Join Atlas Obscura Society Philadelphia and The Conservation Center for Art & Historic Artifacts (CCAHA) to explore early photography in Philadelphia and current preservation efforts underway.
Philadelphia was an epicenter for early photography in 1839. America’s oldest extant photograph was taken in Center City and improvements to the daguerreotype process were made by Philadelphians Paul Beck Goddard and Robert Cornelius. Cornelius took what is heralded as the first “selfie”—a photographic self-portrait. He also established Philadelphia’s first photographic portrait studio.
Few daguerreotypes from this period of rapid development have been preserved. However, a significant body of daguerreotypes by Robert Cornelius remain. Rachel Wetzel, Photograph Conservator at the CCAHA has been working with colleagues to catalog all of the existing daguerreotypes by Cornelius, as part of a project that will culminate in a publicly searchable database hosted at Yale University’s Lens Media Lab.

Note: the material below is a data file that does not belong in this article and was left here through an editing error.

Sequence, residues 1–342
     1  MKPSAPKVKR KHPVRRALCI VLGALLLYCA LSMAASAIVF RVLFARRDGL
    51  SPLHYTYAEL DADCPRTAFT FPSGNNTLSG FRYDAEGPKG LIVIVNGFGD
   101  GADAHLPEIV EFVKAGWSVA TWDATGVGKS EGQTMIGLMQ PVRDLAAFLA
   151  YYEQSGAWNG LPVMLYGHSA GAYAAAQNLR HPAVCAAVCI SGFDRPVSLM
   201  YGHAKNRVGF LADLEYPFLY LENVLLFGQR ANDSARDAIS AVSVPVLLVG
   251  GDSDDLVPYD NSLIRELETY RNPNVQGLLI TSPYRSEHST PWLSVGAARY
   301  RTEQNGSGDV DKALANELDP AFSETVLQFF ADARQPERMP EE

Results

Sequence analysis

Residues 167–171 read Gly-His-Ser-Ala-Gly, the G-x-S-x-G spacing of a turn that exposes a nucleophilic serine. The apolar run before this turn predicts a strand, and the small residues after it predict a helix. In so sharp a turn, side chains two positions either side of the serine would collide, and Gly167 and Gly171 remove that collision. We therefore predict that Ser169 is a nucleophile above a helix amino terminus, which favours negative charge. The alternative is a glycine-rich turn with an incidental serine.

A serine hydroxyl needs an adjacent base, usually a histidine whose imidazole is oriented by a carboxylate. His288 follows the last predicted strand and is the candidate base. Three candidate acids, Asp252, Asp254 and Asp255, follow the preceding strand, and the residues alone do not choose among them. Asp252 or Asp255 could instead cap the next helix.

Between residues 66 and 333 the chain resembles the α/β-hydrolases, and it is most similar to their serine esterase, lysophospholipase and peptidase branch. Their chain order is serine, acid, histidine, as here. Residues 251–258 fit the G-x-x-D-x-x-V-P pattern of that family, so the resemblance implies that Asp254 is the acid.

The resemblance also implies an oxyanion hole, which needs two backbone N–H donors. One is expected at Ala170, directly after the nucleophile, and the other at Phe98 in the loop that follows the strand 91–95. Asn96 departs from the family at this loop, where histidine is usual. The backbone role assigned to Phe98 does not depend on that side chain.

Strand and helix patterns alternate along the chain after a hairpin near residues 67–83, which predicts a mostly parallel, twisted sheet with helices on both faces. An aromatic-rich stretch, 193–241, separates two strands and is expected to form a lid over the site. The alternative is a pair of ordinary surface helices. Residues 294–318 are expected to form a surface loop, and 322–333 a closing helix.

Held at the CCAHA, this event includes a lecture on the history of early photography in Philadelphia. Wetzel will explain the history of daguerreotype cleaning treatments and how they've affected the long-term stability of the images. The audience will also get a first glance at the images and information included in the Cornelius daguerreotype database and a behind-the-scenes tour of CCAHA’s conservation lab. Light snacks will be provided.
The Conservation Center for Art & Historic Artifacts (CCAHA) is a nonprofit conservation facility specializing in the treatment of works on paper, photographs, and books through conservation and state-of-the-art digital imaging services.
- Event is on the second floor of CCAHA which can only be accessed via stairs.
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